On May 17, 2010 the Supreme Court of the United States ruled that sentencing youth who did not commit murder to life without parole is unconstitutional.  Justice Kennedy authored 5 -4 decision in Graham v. Florida that held that the Eighth Amendment’s prohibition against cruel and unusual punishment does not permit the imposition of a sentence of life without the possibility of parole for youth under the age of 18 in cases involving certain crimes.

The Court was asked to consider whether sentencing juveniles to life without parole is constitutional only in non-homicide cases.

  • The Court ruled that it is a violation of the 8th amendment to sentence a juvenile to life in prison without the possibility of parole if he or she did not commit murder
    • The limited culpability of such offenders; and the severity of these sentences all lead the Court to conclude that the sentencing practice at issue is cruel and unusual.” – Graham v. Florida, No. 08-7412, slip. op. at 23, 560 U.S. __ (2010)

  • This is a categorical ban, including anyone under age 18 convicted of a crime other than murder.
    • “As some amici note, the features that distinguish juveniles from adults also put them at a significant disadvantage in criminal proceedings. Juveniles mistrust adults and have limited understandings of the criminal justice system and the roles of the institutional actors within it. They are less likely than adults to work effectively with their lawyers to aid in their defense.” – Graham v. Florida, No. 08-7412, slip. op. at 27, 560 U.S. __ (2010)
    • “Existing state laws. . . are insufficient to prevent the possibility that the offender will receive a life without parole sentence for which he or she lacks the moral culpability.” – Graham v. Florida, No. 08-7412, slip. op. at 26, 560 U.S. __ (2010)


  • The Court extended its reasoning in Roper finding that kids are fundamentally different than adults.  Roper was a 2005 decision that found that it is unconstitutional to sentence juveniles to death.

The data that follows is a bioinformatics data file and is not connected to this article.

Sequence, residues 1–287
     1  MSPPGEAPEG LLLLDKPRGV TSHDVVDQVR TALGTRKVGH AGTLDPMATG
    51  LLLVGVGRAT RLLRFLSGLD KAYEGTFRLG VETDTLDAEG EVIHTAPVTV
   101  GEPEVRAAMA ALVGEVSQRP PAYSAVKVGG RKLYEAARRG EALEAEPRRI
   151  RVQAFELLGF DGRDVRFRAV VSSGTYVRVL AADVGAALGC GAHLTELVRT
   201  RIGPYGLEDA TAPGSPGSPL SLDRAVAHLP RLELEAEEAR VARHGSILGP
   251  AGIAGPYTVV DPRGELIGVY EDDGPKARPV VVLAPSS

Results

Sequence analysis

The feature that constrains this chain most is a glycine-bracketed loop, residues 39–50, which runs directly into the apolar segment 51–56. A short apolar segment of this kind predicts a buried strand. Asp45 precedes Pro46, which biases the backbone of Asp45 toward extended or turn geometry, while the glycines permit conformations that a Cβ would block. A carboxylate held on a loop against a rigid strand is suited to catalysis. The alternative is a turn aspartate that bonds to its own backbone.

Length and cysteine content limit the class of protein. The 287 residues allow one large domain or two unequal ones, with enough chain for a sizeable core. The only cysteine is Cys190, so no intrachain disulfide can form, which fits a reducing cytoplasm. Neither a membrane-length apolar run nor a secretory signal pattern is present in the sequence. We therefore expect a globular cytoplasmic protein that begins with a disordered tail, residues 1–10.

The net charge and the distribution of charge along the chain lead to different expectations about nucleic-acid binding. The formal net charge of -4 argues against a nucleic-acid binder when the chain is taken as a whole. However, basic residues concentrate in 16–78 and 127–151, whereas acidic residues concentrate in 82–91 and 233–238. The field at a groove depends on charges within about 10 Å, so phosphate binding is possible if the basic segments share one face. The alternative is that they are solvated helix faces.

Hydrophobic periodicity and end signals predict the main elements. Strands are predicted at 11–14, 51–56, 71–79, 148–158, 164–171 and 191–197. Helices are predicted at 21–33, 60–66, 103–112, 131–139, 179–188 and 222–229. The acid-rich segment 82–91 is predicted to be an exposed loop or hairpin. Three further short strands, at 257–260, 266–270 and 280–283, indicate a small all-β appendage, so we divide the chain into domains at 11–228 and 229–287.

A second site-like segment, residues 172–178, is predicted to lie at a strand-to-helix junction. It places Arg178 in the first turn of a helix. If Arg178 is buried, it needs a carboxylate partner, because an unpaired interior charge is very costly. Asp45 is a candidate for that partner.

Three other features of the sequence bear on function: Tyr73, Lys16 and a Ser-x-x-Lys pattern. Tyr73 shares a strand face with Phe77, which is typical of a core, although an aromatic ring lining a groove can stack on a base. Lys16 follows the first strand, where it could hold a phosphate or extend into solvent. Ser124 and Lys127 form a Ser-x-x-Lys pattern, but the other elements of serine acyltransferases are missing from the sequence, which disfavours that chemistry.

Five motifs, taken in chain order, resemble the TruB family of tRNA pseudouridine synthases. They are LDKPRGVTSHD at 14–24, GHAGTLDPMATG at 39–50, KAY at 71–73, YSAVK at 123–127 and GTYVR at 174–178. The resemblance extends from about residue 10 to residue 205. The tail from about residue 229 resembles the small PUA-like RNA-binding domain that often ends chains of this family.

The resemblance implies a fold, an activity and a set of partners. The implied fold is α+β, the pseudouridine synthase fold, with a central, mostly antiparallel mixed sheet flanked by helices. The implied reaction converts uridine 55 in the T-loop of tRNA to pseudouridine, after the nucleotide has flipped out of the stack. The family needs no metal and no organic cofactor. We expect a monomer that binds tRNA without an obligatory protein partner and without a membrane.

• Roper established that because juveniles have lessened culpability they are less deserving of the most severe punishments.” – Graham v. Florida, No. 08-7412, slip. op. at 16, 17, 560 U.S. __ (2010)
    • As compared to adults, juveniles have a “‘lack of maturity and an underdeveloped sense of responsibility’”; they “are more vulnerable or susceptible to negative influences and outside pressures, including peer pressure”; and their characters are ‘not as well formed.’” – Graham v. Florida, No. 08-7412, slip. op. at 17, 560 U.S. __ (2010)
    • Accordingly, ‘juvenile offenders cannot with reliability be classified among the worst offenders.’” – Graham v. Florida, No. 08-7412, slip. op. at 17, 560 U.S. __ (2010)
    • It remains true that ‘[f]rom a moral standpoint it would be misguided to equate the failings of a minor with those of an adult, for a greater possibility exists that a minor’s character deficiencies will be reformed.’” – Graham v. Florida, No. 08-7412, slip. op at 17, 560 U.S. __ (2010)


  • The Court calls for meaningful review  of all cases of juveniles who did not commit murder and were sentenced to life without parole
    • A State is not required to guarantee eventual freedom to such an offender, but must impose a sentence that provides some meaningful opportunity for release based on demonstrated maturity and rehabilitation. It is for the State, in the first instance, to explore the means and mechanisms for compliance.” – Graham v. Florida, No. 08-7412, slip. op at 24, 560 U.S. __ (2010)


According to Human Rights Watch (HRW), there are more than 2,500 individuals in prison in the United States serving life without parole sentences for crimes they committed under the age of eighteen, and none in the rest of the world. There is much more work to be done to ensure that we never discard young people for crimes committed in their youth.

The Campaign for the Fair Sentencing of Youth is dedicated to seeking a just alternative to sentencing youth to die in prison that will still hold youth accountable for their crimes. Every young person convicted of serious crimes and sent to prison should have meaningful and periodic reviews of their sentences, to ensure that those who can prove they have reformed are given an opportunity to re-enter society as contributing citizens before they die.